As your family changes, so should your will. Make sure you update, or at least review, your will after any major life event, such as a divorce, birth, death or change to your economic status. A change in your family or financial circumstances doesn’t have to mean that you require a newly drafted will; your lawyer can modify your will to reflect your new changes through codicils (which are amendments to wills).  

     5. Keep the original will in a safe place, and a copy at home

Only an original will -- no photocopies -- can be probated in court. Usually, the will is kept by the client in a safety deposit box, or is held by their lawyer. Make sure that your executor is also notified of where you are keeping your original will to ensure they are able to easily access it. There have been cases where an original will was not presented and the court was unable to verify the photocopy, leaving the deceased’s estate to be distributed according to the legislation and not the deceased’s wishes.

     6. If you die intestate (without a will) the Wills and Successions Act will determine how your property is divided.

If you do not have a will, or your will is not valid, the Wills and Successions Act will determine how your estate is distributed. Someone will need to apply to the court for letters of administration to acquire authorization to distribute your estate.

According to the Wills and Successions Act, if you leave a surviving spouse or adult-interdependent partner and no children, the entirety of your estate will pass to your spouse. If you have children, they may be entitled to receive a portion of your estate depending on your relationship with your spouse. If your children are under the age of majority, their share will be held by the Public Trustee’s office until their 18th birthday, at which time they will receive their full share of the estate. This may cause issues, as most parents intend for their estate to be distributed to their children in percentages as they mature (for example – 25% at age 18, 25% at age 25, and 50% at age 30).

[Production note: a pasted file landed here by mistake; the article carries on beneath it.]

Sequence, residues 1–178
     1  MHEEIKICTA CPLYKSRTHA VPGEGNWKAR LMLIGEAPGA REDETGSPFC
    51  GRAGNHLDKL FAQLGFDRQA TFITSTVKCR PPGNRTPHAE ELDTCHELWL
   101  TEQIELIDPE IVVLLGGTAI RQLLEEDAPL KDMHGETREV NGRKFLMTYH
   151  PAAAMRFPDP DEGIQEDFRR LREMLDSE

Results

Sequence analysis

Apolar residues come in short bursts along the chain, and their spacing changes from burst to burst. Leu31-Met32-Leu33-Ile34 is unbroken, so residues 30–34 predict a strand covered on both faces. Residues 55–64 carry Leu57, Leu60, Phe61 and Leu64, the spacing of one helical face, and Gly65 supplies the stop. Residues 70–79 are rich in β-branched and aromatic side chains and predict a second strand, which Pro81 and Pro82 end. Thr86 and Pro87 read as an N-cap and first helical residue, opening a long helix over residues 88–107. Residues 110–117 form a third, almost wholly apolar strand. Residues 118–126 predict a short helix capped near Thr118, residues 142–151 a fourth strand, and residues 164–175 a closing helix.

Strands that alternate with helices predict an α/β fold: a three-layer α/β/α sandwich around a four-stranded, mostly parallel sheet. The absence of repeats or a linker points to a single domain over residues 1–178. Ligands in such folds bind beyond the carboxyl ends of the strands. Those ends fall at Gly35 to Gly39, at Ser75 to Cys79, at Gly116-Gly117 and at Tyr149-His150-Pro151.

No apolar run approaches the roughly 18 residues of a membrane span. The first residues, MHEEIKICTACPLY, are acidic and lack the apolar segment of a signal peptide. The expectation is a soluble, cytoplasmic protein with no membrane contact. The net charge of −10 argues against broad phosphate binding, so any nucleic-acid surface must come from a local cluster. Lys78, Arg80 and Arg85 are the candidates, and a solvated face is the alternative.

If you pass with no spouse or children, then your estate will be distributed to your parents, and further to your siblings if your parents have pre-deceased you.

If you pass with no spouse or children, then your estate will be distributed to your parents, and further to your siblings if your parents have pre-deceased you.

The above is a very brief and simplified overview of the some of the situations that may arise if you die without a will, and in real life situations it can often get more complicated and costly. Effectively planning for your estate can ultimately be more cost-effective and places less of a burden on your family.

Making a will isn't hard or overly expensive, and it could save you and your family time and money when it comes to administering your estate. But whatever the cost, effective estate planning is always worth it. You do not want your estate's fate to be decided by legislation, and not your wishes.

We would love to assist you in planning your estate. Our lawyers are experienced and can help guide you through the process and answer all of your questions and concerns. Contact us Today.

By: Deep Brar